Time for our Workout Of The Month. Each month we take a look at a different exercise and break it down by movement, how to do it, and discuss some of the positive versus negative impact that it can have to you and your level of fitness. Some workout’s of the month breakdown how to do a common exercise, others feature a specific workout. For those of you that give blood, you’re literally giving the gift of life. If you’re into fitness however, it might significantly effect your impact on performance. This is what donating blood does to your fitness levels after giving life to someone else.
Is It Okay To Work Out After Donating Blood?
Your blood is your lifeline. If you have too little of any one of the components that make up blood it can severely effect your lifestyle and obviously if you lose too much of it, you’ll die. When donating blood, you’re offering up your life to someone else. The amount of blood that is given is one unit – approximately 400-500ml, roughly one pint – about the size of an awesome tasting beer. Don’t worry, after that pint is gone, you’ve got about nine more to keep your tank full. While it can be okay to work out after donating blood, it’s probably best not to give it your best. Research shows that performance is drastically effected by donating blood. Let’s dive in deeper.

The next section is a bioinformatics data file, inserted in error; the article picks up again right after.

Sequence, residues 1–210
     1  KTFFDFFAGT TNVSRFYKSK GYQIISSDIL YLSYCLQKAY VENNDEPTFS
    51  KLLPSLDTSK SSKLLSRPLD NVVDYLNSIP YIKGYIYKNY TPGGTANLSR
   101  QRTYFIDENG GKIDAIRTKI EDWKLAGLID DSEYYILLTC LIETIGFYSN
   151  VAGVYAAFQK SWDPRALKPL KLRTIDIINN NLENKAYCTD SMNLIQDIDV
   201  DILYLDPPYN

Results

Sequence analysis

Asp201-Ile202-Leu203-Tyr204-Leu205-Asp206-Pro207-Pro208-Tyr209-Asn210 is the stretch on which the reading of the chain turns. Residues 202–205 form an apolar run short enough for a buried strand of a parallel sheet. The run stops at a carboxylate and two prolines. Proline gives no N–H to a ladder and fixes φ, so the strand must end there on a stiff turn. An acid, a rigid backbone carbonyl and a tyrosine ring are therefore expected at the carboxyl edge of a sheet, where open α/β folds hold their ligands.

How Donating Blood Effects Performance
To understand how blood effects activity levels, we have to dive into a quick lesson on the make up of blood.
Plasma is the water based product of blood that contains all other blood products: red and white blood cells, platelets, and proteins. Your plasma is frequently used for burn patients, shock patients, and people with bleeding disorders. Plasma contains numerous clotting factors (3).
Plasma is frozen and then stored, but when it starts to thaw, a cream colored blood product forms at the bottom of the bag of blood known as cyroprecipitate. This product specifically contains only clotting factors. This is used only for those with severe clotting disorders (2,3).
Platelets are a portion of blood devoted specifically to clotting. Whenever there is a cut in the skin causing bleeding, platelets rush to the site of blood loss. After the platelets are there they release enzymes that assist with stopping the bleeding. When blood is donated, platelets are specifically extracted and used for burn victims and trauma victims as well as people with clotting disorders and those with cancer.(3).
Red Blood Cells
For most of us who are fortunate to not be a cancer patient, a major trauma, have a bleeding disorder, or a burn victim, this is the most important component of blood. Red blood cells carry an iron made protein that is responsible for binding and carrying oxygen throughout our entire body. This is why iron deficiencies cause people to feel weak, fatigue, or even look pale – they’re not getting enough oxygen. An absence of this protein called hemoglobin, can drastically effect your oxygen carrying capability as well as your performance levels.
What Happens To Your Blood After It’s Gone